If you have read part 1 & 2 you will know that High Intensity Interval Training (HIIT) is superior to steady state cardio when it comes to fat burning and improvements in both aerobic and anaerobic improvements. Does this mean I eradicate all steady state cardio from my clients training programs….. No! Why?
If they are new to exercise. High intensity interval training is hard, very hard! For most beginners the intensity of this type of training places too much stress on the body’s cardiovascular system and muscles. For a beginner it is more productive and safer to concentrate on steady state exercise or basic weight training. You will see benefits from this style of training with reduced injury risk.
If I want them to burn extra calories without taxing the central nervous system. This is why you may see bodybuilders or physique athletes performing steady state cardio. Intense cardio and weight training is very taxing on the central nervous system and it takes a long time to recover from compared to steady state exercise. Because weight training is very taxing on muscles and the central nervous system, they need to find a way of burning extra calories without “burning” themselves out. Although not optimal, steady state cardio will burn the extra few calories needed whilst still allowing them to “go hard” during the weight training sessions. This doesn’t have to be performed in the gym, it can be something simple such as going for a lengthy walk or a gentle swim.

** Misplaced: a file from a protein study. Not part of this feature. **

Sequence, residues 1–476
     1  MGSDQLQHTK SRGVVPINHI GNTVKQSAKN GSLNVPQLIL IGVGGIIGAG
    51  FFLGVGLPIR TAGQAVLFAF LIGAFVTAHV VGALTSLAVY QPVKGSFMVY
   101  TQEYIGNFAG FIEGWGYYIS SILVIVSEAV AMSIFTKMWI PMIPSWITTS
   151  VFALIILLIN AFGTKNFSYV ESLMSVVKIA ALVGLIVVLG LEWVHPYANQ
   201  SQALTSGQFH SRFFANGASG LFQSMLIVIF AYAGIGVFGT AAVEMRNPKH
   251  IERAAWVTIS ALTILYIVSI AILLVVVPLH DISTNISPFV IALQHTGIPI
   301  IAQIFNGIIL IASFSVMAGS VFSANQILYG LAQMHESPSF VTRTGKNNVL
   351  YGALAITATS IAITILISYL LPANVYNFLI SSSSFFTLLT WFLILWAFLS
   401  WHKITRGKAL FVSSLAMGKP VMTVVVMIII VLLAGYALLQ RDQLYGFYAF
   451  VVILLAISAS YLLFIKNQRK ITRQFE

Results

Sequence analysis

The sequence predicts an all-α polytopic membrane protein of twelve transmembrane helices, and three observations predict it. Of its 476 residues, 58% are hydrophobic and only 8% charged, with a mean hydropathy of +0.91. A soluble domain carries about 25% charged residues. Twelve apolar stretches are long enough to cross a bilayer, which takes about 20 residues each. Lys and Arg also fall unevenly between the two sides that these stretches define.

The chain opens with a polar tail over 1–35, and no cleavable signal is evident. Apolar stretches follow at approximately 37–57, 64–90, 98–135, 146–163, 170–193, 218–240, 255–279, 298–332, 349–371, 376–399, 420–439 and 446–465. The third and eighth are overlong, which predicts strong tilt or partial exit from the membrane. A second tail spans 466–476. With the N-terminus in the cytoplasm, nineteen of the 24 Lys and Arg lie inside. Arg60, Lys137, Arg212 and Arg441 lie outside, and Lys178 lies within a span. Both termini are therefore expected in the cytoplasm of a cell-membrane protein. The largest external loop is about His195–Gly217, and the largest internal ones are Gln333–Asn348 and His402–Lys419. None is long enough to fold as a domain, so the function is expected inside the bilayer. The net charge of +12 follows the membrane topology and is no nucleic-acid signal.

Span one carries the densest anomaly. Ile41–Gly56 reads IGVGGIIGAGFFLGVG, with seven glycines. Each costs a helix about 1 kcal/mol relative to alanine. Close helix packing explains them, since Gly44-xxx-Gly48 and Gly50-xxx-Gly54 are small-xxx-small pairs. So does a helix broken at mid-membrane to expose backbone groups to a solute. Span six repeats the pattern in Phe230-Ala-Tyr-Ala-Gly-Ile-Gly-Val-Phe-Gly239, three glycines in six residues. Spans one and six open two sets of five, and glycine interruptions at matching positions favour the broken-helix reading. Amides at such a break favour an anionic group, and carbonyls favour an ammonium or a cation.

Recovery! Using steady state cardio is a great way to recover. The bodies clearing out system (lymphatic system) doesn’t have a pump system (a heart) to get the bodies waste products removed. Instead is uses movement and muscle contractions to help get waste from the muscles to the lymph nodes where it is dealt with.
To burn the fat that has been mobilised from high intensity training. High intensity interval training, mobilises or breaks down a lot of fat from the body’s stores. It’s fantastic in this regard, but just because fat is mobilised and enters the bloodstream it doesn’t mean that it gets burned. Steady state cardio isn’t nearly as effective as HIIT at mobilising fat from fat stores, but it’s really effective at burning fats that are floating around the bloodstream as a result of high intensity intervals. Post HIIT, steady state cardio is insurance that the fat that was mobilised gets burned.
To feel alive!! You can’t under estimate the benefits of getting up and moving. 90% of our working days are spent sat or lying down and for most the weekends aren’t much better. Steady state cardio doesn’t have to be performed in a gym, it can simply be going for a walk on your lunch break, taking the stairs instead of using the lift or playing football with the kids in the garden.
The power of movement cannot be underestimated when it comes to both physical and mental health. Get moving!